10. 10. 関連研究:条件付きモデル ¤ 条件付きVAEや条件付きGAN ¤ xとyが対称ではないため,双⽅向に⽣成ができない. ¤ ⽋損した⼊⼒を処理できない.このため「⼤きな⾚い⿃」でなく,「⼤き な⿃」のような部分的に抽象的な概念を⽣成できない. 𝑧 𝑥 𝑦 𝑝% 𝑥 𝑦, 𝑧 𝑞( 𝑧 𝑥, 𝑦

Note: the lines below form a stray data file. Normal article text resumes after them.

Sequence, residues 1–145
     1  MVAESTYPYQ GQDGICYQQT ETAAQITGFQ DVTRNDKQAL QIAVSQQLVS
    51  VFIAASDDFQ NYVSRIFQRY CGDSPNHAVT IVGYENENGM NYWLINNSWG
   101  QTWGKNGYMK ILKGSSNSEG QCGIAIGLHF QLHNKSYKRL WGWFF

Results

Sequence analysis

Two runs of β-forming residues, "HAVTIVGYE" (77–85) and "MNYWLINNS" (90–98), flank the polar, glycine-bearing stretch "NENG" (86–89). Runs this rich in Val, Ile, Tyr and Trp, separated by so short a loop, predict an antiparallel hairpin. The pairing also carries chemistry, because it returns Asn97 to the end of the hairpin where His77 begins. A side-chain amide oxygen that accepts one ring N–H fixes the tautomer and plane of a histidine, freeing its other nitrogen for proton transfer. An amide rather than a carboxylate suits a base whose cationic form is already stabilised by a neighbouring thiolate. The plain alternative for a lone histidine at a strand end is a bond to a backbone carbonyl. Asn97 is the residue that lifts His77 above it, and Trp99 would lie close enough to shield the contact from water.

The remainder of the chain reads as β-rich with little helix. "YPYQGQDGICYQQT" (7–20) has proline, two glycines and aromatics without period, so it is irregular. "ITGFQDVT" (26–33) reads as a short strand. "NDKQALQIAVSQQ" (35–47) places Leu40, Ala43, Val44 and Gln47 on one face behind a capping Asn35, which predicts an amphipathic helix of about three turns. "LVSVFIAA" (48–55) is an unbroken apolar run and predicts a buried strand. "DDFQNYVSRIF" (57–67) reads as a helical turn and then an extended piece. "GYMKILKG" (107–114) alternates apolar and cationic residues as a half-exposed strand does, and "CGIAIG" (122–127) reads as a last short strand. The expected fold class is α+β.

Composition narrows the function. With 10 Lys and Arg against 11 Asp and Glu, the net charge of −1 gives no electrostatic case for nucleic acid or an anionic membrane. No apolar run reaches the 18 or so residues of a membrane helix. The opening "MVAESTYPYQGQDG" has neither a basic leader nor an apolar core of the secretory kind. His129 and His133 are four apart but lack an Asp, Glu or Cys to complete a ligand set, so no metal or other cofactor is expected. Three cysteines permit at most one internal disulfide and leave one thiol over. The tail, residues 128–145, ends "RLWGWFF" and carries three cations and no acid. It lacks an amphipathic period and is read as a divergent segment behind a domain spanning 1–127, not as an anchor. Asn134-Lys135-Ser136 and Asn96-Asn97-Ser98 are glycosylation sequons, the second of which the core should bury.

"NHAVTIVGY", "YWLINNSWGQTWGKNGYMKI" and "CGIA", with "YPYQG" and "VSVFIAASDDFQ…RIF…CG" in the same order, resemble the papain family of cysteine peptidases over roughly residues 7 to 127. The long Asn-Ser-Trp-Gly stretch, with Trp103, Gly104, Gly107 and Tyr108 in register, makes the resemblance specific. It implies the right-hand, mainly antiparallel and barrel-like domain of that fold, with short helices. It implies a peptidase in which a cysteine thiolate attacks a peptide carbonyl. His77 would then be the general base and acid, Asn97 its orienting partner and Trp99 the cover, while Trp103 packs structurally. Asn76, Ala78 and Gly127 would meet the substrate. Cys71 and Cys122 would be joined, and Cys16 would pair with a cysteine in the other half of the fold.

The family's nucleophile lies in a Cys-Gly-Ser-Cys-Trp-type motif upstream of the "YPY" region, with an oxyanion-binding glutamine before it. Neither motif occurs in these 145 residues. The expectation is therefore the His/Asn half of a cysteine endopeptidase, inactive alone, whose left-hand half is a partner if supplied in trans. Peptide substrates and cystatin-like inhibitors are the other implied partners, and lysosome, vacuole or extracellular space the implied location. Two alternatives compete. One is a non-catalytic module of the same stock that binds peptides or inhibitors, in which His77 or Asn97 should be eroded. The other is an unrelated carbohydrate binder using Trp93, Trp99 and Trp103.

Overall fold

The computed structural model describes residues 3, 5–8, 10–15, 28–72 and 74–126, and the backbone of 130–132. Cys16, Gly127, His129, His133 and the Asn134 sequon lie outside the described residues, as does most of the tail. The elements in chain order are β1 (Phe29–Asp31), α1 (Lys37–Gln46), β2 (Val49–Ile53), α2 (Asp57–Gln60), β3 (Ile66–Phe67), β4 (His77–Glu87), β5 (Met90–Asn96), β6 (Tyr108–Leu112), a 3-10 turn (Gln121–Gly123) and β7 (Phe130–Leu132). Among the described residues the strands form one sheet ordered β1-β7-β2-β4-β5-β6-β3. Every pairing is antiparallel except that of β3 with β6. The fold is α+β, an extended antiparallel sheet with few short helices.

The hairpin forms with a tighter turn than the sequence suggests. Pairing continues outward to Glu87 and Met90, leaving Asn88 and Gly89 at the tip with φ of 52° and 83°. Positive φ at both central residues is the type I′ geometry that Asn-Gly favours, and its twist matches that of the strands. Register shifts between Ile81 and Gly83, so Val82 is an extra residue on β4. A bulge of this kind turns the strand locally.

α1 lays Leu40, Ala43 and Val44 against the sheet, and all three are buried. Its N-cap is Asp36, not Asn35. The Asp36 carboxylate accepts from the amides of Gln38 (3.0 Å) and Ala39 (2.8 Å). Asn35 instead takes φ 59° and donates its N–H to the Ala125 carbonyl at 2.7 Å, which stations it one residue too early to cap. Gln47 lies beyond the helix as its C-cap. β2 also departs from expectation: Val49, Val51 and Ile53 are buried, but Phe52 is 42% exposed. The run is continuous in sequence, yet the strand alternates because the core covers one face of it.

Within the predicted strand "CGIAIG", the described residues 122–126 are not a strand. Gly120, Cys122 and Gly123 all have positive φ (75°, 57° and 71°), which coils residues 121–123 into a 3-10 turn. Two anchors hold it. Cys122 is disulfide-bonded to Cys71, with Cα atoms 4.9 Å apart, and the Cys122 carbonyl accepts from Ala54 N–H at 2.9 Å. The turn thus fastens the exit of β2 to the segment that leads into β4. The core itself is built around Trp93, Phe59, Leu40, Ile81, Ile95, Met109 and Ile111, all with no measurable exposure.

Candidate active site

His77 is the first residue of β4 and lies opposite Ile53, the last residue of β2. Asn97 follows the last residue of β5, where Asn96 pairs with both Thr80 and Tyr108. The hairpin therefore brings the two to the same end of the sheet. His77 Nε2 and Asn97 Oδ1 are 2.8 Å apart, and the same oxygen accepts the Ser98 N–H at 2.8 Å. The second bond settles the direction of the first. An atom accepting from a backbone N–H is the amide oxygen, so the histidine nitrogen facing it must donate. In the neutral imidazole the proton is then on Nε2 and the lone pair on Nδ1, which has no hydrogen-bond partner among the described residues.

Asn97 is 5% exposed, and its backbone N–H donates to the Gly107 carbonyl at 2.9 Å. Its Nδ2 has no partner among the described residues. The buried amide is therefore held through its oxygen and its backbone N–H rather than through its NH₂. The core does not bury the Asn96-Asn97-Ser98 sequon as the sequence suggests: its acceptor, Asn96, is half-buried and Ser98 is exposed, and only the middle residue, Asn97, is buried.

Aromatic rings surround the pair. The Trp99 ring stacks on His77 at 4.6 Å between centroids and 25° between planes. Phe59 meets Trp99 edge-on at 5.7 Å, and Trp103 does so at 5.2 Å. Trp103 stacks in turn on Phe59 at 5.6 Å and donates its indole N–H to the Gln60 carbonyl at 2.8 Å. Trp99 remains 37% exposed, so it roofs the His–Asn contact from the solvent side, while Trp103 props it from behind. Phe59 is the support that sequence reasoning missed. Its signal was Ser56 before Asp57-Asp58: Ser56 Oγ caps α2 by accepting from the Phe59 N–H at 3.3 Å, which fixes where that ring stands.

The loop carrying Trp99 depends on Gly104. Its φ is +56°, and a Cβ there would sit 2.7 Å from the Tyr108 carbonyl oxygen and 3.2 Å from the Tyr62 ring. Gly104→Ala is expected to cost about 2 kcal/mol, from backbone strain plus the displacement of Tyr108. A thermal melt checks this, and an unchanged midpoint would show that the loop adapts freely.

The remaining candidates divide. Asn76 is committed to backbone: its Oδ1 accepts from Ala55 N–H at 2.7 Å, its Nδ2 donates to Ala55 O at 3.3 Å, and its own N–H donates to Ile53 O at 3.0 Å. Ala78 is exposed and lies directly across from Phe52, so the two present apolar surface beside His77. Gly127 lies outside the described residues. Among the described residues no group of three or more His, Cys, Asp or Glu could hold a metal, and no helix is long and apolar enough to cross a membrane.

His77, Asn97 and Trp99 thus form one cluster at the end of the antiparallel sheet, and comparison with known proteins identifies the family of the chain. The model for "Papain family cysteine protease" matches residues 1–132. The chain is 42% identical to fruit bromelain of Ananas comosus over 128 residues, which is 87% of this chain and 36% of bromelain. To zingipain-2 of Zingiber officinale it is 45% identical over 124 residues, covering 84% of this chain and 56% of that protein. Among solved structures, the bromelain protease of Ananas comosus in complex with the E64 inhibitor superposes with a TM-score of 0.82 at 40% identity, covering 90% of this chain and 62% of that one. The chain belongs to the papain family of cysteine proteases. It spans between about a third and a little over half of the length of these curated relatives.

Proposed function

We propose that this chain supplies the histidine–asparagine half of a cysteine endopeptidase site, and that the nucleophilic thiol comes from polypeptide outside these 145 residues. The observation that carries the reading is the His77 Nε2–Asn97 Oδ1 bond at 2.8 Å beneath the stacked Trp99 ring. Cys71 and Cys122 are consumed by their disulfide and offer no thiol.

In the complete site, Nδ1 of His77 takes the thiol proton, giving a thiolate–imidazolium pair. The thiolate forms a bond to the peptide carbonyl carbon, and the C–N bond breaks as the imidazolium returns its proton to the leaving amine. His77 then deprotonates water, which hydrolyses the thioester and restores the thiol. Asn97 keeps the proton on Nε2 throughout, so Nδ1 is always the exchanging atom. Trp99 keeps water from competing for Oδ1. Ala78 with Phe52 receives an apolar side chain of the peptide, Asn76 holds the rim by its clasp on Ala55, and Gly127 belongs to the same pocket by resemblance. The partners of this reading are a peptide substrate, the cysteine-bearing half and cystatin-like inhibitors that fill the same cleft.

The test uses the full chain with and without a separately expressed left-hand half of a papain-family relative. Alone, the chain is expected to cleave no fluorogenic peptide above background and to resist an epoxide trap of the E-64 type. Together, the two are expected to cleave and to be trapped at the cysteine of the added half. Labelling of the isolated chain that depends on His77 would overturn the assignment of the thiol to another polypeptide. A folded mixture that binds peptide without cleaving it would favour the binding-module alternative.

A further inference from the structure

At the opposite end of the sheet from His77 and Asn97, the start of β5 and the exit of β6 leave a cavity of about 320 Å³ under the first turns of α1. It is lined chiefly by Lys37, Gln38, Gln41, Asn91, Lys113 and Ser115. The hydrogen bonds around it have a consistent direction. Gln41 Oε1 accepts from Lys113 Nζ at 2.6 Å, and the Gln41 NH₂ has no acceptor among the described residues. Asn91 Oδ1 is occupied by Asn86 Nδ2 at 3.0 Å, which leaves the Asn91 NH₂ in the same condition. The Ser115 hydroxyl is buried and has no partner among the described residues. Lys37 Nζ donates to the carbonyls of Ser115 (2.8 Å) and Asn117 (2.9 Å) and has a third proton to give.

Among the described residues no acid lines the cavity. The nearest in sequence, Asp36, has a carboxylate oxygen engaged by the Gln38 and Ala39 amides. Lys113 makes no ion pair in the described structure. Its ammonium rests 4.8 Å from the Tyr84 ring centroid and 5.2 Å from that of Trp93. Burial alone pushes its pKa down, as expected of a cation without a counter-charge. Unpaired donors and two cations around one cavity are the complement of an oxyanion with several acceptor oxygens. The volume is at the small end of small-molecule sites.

11. 11. 関連研究:同時分布のVAE ¤ JMVAE [Suzuki+ 2017]とTriple ELBOのモデルは同じ(下界が違う). ¤ JMVAEの下界: ¤ JMVAEは3つ⽬の項のせいで,網羅率が落ちる可能性がある. ¤ しかし,実験的にはこの問題は⽣じていない. ¤ bi-VCCA[Wang et al., 2016]の下界や問題点等は論⽂参照. JMVAE (Suzuki et al., 2017) p(z)p(x|z)p(y|z) elbo(x, y|z; z|x, y) ↵KL(q(z|x, y), q(z|x)) ↵KL(q(z|x, y), q(z|y)) bi-VCCA (Wang et al., 2016) p(z)p(x|z)p(y|z) µ elbo(x, y|z; z|x) +(1 µ)elbo(x, y|z; z|y) JVAE-Pu (Pu et al., 2016) p(z)p(x|z)p(y|z) elbo(x, y|z; z|x) + elbo(x|z; z|x) JVAE-Kingma (Kingma et al., 2014) p(z)p(y)p(x|z, y) elbo(x|y, z; z|x, y) + log p(y) CVAE-Yan (Yan et al., 2016) p(z)p(x|y, z) elbo(x|y, z; z|x, y) CVAE-Sohn (Sohn et al., 2015) p(z|x)p(y|x, z) elbo(y|x, z; z|x, y; z|x) CMMA (Pandey et al., 2017) p(z|y)p(x|z) See text. z x y z x y z x y z x y VAE JVAE-Kingma JVAE-Pu bi-VCCA JMVAE/ triple ELBO Figure 2: Summary of different (joint) VAEs. Circles are random variables, downward pointing arrows represent the generative (decoding) process, upnward pointing arrows (with dotted lines) represent the inference (encoding) process, and black squares represent “inference factors”. Method names are defined in Table 1. Conditional models. Conditional VAEs (e.g., (Yan et al., 2016; Pandey and Dukkipati, 2017)) and conditional GANs (e.g., (Reed et al., 2016; Mansimov et al., 2016)) learn a stochastic mapping p(x|y) from semantics or attributes y to images x.3 See Table 1 for a summary. Since these models treat x and y asymmetrically, they cannot compute both p(x|y) and p(y|x), and do not support semi-supervised learning, unlike our joint method. More importantly, these conditional models cannot handle missing inputs, so they cannot be used to generate abstract, partially specified concepts, such as “big bird”, as opposed to “big red bird”. One heuristic that is commonly used to adapt discriminative models so they can handle missing inputs is to set the unspecified input attributes, such as the bird’s color, to a special “UNK” value, and hope the network learns to “do the right thing”. Alternatively, if we have a joint model over inputs, we can estimate or impute the missing values when predicting the output image, as follows: ˆx(yO) = arg max y log p(x|y) + log p(y|yO) (8) Recently there has been a trend towards learning from unaligned multiple modality data (see e.g., (Aytar et al., 2016)). However, this can cause problems when fitting VAEs. In particular, VAEs with powerful stochastic decoders (such as pixelCNNs for p(x|z) and RNNs for p(y|z)), can excel at learning good single modality generative models, but may learn to ignore z, as pointed out in (Chen et al., 2017). This cannot happen with paired data, since the only way to explain the correlation between the two modalities is via the shared latent factors.4 Training objectives for single modality inference networks. In a JVAE, we may train on aligned data, but at test time, we usually only observe a single modality. Hence we must fit up to 3 inference networks, q(z|x, y), q(z|x) and q(z|y). Several different objective functions have been proposed for this. To explain them all concisely, we define a modified version of the ELBO, where we distinguish between the variables we pass to the decoder, p(a|b), the encoder, q(c|d), and the prior, p(c|e): elbo(a|b; c|d; c|e) = Eq(c|d)[log p(a|b)] KL(q(c|d), p(c|e)). (9) If we omit the p(c|e) term, we assume we are using the unconditional p(c) prior. The objective functions used by various papers are shown in Table 1. In particular, the bi-VCCA objective of (Wang et al., 2016) has the form µ Eq(z|x)[log p(x, y|z)] KL(q(z|x), p(z)) +(1 µ) Eq(z|y)[log p(x, y|z)] KL(q(z|y), p(z)) (10) and the JMVAE objective of (Suzuki et al., 2017) has the form Eq(z|x,y)[log p(x, y|z)] KL(q(z|x, y), p(z)) ↵KL(q(z|x, y), q(z|y)) ↵KL(q(z|x, y), q(z|x)) (11) We see that the main difference between our approach and previous joint models is our use of the triple ELBO objective, which provides a different way to train the single modality inference networks q(z|x) and q(z|y). The problem with the bi-VCCA method of (Wang et al., 2016) is that the Eq(z|y) log p(x, y|z) term causes the generation of blurry samples, and hence low correctness. The reason is that a single y is required to “explain” all the different x’s to which it is matched, so it ends up being associated with their average. This problem can be partially compensated for by increasing µ, but that reduces the KL(q(z|y), p(z)) penalty, which is required to ensure q(z|y) is a broad distribution with good